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them, that they had considered the thing before, and that hearing they were upon their march for such a design, came hither on purpose to meet them, that they might be listed under their excellencies. Then Captain Boanerges, for that they were men of courage, listed them into his company, and so away they went to the war.

Now when the war was begun, in one of the briskest skirmishes, so it was, that a company of the Lord Will-be-will's men sallied out of the sally ports, or posterns of the town, and fell in upon The rear of Captain Boanerges's men, where these three fellows happened to be, so he took them pri

soners, and away they carried them

into the town; where they had not

1 lain long in durance, but it began to be noised about the streets of the town, what three notable prisoners the Lord Will-be-will's men had taken, and brought in prisoners out of the campof Shaddai. At length tidings thereof were carried to Diabolus to the castle, to wit, what my Lord Will-be-will's men had done, and whom they had taken prisoners. Then Diabolus called for Will-be-will, to know

the certainty of this matter. So he

ve asked him, and he told him. Then brought before Diabolus, and did the giant send for the prisoners, are content to and, when they were come, he defight under his manded of them who they were, banner.

whence they came, and what they did in the camp of Shaddai? and they told him. Then he sent them into ward again. Not many days after, he sent for them to him again, and then asked them, if they would be willing to serve him against their former captains? They then told him, that they did not so much live by religion, as by the fates of fortune; and that, since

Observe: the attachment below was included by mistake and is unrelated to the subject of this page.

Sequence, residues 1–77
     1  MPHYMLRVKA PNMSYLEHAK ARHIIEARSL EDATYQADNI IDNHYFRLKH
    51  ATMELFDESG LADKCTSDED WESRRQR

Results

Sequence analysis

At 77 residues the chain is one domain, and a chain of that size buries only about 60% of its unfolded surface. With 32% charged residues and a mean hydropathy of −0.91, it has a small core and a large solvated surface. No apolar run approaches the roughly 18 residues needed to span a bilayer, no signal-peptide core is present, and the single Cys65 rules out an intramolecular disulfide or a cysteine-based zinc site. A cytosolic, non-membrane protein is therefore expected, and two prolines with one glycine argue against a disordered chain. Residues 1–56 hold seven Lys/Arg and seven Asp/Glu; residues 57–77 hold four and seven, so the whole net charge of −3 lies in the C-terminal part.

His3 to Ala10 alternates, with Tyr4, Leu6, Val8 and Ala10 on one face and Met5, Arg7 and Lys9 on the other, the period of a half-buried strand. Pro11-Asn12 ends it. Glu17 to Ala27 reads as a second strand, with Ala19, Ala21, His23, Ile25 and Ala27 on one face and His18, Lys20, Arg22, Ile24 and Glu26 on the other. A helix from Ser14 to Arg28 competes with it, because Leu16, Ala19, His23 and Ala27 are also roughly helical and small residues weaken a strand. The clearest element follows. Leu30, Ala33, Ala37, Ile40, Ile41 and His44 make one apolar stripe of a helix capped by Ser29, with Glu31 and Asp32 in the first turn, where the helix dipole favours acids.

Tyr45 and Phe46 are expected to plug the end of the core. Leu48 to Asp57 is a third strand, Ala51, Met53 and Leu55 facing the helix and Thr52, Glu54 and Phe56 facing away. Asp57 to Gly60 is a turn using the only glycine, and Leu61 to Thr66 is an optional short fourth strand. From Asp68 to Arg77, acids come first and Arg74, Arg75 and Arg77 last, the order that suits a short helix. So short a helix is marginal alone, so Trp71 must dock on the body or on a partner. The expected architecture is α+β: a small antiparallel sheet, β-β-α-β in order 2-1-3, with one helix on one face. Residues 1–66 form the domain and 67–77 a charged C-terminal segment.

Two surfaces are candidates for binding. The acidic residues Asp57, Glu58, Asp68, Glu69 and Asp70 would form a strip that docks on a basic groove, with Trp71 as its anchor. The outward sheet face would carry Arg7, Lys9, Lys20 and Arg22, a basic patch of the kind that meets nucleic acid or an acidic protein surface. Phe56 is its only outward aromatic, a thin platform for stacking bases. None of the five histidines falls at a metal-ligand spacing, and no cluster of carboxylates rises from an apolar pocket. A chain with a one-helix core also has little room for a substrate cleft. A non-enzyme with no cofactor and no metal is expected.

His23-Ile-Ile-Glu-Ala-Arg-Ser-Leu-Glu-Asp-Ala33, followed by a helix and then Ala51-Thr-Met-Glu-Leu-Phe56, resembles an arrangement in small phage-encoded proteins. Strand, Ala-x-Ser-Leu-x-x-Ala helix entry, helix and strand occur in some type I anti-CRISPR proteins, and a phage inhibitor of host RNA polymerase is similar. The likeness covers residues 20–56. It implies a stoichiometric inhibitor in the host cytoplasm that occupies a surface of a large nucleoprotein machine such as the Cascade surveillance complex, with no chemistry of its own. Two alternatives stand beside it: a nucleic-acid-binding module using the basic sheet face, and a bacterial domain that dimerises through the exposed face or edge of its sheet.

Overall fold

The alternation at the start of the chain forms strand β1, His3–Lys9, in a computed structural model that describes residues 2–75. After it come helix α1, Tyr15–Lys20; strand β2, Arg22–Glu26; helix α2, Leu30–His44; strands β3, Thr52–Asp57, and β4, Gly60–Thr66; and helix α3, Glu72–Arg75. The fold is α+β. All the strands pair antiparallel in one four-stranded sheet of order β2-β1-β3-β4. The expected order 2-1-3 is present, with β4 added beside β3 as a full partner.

sends them to

his lordship was willing to entertain them, they should be willing to serve him. Now while things

.. were thus in hand, there was one CapAny-thing. tain Any-thing, a great doer in the town of Mansoul, and to this Captain Any-thing did Diabolus send these men, with a note under his hand, to receive them into his company ; the contents of which letter were these: " Any-thing, my darling, the three men that

are the bearers of this letter, have a He therefore

e desire to serve me in the war, nor Captain Any- know I better to whose conduct to thing with a commit them, than to thine: receive better. them therefore in my name, and, as need shall require, make use of them against Shad

dai and his men. Farewel.” So ceives them they came, and he received them, into his sere and he made two of them serjeants; vice.

but he made Mr. Man's Invention his armour bearer. But thus much for this, and now to return to the camp.

They of the camp did also some execution upon The roof of the town; for they did beat down the old Incredu- roof of the new lord mayor's house, lity's house and so laid him more open than he was beaten down. before. They had almost (with a sling) slain my Lord Will-be-will outright; but he made shift to recover again. But they made a notable slaughter among the aldermen, for with only one

re

3 Tradition, Human Wisdom, and Man's Invention have too often been enlisted into the service of religion, but they never did any good to it. They are not to be depended upon; and are far more in their element when engaged on the contrary side. Let Captain Any-thing have them and welcome; the gospel of Jesus needs not their services.

shot they cut off six of them; to wit, Six alder. men slain.

Mr. Swearing, Mr. Whoring, Mr. Fury,

M ** Mr. Stand-to-lies, Mr. Drunkenness, and Mr. Cheating*.

They also dismounted the two great guns that The two stood upon the tower over Ear-gate, great guns and laid them flat in the dirt. I told dismounted. you before, that the king's noble captains had drawn off to their winter-quarters, and had there intrenched themselves and their carriages, so as with the best advantage to their king, and the greatest annoyance to the enemy, they might give the seasonable and warm alarms to the town of Mansoul. And this design of them did so hit, that I may say they did almost what they would to the molestation of the corporation.

For now could not Mansoul sleep securely as Continual before, nor could they now go to their alarms given debaucheries with that quietness as in to Mansoul. times past: for they had from the camp of Shaddai such frequent warm alarms; yea, alarms upon alarms, first at one gate, and then at another, and again at all the gates at once; that they were broken as to former peace: yea, they